13 Weight Loss Resolutions You Shouldn’t Make


Diet and Nutrition

Diet and Nutrition (Photo credit: fantasyhealthball)

13 Weight Loss Resolutions You Shouldn’t Make

      Reblogged From:Yahoo Health                                                                                                                                                                                                                                                                       Get this: 30% of all New Year’s resolutions are broken before February, according to a poll by the time management firm Franklin Covey. “People tend to fall off the weight-loss wagon so quickly because their goals are unrealistic,” says Toby Amidor, a registered dietitian based in New York City. “When people feel as though they’ve failed, they tend to throw in the towel for good instead of giving their resolution another shot.” Here, four of the nation’s top diet experts reveal common weight loss resolutions that almost always backfire.

“I want to lose 20 pounds”

“Dropping 20 pounds is a great long-term goal, but dieters tend to fall off track when they have such a lofty resolution,” says Amidor.

Revised resolution: Lose 1 pound per week
“Instead of taking on such a big task, focus on losing one pound a week by setting small diet and exercise goals,” suggests Amidor. “For example, resolve to pick skim dairy over whole and pledge to work out 30 minutes, three times a week. You’ll be surprised how small tweaks can result in major change.”

5 Reasons New Year’s Resolutions Fail

“I’m going to try the ________ diet”

Fill in the blank with any fad diet and you’re doomed for failure. A typical diet-of-the-moment requires cutting out one or more major food groups, like fruits, grains, or meats. That’s simply unhealthy and can also prove overwhelming, says Amidor.

Revised resolution: Eat lean protein and veggies at every meal
A well-balanced and properly portioned eating plan that includes a variety of produce and lean meats (and the occasional sweet treat!) will always be the ticket to long-term weight loss, Amidor says.

“I’m going to stop eating at restaurants”

Nixing a night out with friends for the sake of your diet is no way to live, says Amidor. You’ll only wind up frustrated and will be more likely to fall off the wagon.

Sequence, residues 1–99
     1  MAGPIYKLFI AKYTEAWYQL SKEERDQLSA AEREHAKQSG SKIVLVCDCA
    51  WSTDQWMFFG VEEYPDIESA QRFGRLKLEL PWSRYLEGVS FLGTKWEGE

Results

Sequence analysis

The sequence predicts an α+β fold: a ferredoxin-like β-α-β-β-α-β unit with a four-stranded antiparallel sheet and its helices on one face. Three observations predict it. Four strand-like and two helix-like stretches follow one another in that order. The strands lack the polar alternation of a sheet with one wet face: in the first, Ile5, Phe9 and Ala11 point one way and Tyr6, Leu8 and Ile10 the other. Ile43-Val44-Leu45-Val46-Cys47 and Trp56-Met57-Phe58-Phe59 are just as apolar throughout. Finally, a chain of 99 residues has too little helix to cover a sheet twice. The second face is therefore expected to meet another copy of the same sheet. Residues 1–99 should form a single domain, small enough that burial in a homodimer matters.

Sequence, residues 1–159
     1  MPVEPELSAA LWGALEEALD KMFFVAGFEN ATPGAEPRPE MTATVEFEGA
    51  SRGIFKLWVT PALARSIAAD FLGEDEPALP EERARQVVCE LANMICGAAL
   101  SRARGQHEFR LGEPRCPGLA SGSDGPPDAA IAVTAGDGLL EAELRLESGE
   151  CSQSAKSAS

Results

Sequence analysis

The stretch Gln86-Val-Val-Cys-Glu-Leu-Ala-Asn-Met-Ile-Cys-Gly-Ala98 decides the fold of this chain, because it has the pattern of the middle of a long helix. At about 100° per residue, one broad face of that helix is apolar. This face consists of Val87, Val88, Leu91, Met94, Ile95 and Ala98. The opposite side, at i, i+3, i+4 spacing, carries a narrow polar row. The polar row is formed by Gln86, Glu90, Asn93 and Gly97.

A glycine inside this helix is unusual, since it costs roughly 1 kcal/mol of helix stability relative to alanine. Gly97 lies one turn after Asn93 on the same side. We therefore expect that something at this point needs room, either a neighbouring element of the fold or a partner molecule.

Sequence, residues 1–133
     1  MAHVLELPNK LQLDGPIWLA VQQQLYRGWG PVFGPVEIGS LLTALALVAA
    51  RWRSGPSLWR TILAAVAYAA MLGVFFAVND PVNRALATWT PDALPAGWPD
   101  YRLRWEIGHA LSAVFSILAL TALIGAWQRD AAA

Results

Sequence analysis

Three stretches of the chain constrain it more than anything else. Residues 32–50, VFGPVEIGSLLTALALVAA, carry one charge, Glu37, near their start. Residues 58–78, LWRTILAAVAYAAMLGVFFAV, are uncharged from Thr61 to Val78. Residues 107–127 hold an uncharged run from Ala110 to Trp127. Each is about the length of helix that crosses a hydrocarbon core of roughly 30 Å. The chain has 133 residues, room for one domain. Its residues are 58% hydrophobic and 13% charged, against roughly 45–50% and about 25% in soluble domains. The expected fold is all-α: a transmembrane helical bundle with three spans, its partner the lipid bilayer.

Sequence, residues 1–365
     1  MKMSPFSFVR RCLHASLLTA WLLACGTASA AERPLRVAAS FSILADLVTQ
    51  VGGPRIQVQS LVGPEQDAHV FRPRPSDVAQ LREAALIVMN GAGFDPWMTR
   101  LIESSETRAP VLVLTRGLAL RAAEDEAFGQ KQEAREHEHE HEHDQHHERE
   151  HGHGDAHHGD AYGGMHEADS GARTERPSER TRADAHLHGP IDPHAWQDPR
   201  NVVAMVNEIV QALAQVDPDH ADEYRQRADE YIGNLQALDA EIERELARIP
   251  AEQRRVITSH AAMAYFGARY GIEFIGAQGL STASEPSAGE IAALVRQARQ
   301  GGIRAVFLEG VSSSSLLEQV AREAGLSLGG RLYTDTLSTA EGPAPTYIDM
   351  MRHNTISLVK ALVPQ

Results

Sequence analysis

Revised resolution: Order smarter at restaurants
“Before dining out, have 10 almonds or an apple so you don’t arrive ravenous, and then start with a small salad,” suggests Amidor. In a 2004 study published in theJournal of the American Diet Association, Penn State researchers found that women who started a lunch with a salad consumed up to 12% fewer calories than those who skipped the first course. “Choose a light appetizer as your entree and have the bread basket removed,” says Amidor.

TIME Magazine’s Top 10 Commonly Broken New Years Resolutions

“I’m going to eat 900 calories a day until I lose the weight”

Sure, severely restricting your calorie intake will spur weight loss, but you’ll gain it all back as soon as you start eating normally again (not to mention that starving yourself is dangerous). “This is often the attitude of yo-yo dieters, who go from a size four to a 12 and back again, seemingly overnight,” says Amidor.

Revised resolution: Develop a healthy eating plan with an RD
If you’re unsure how to lose weight the healthy way, consider making an appointment with a dietitian. “Many RDs now take insurance, so don’t be afraid to ask if yours is accepted,” says Amidor. The Academy of Nutrition and Dietetics has a registered dietitian referral service that allows you to search a database of practitioners across the nation.

“I’m going on a juice cleanse”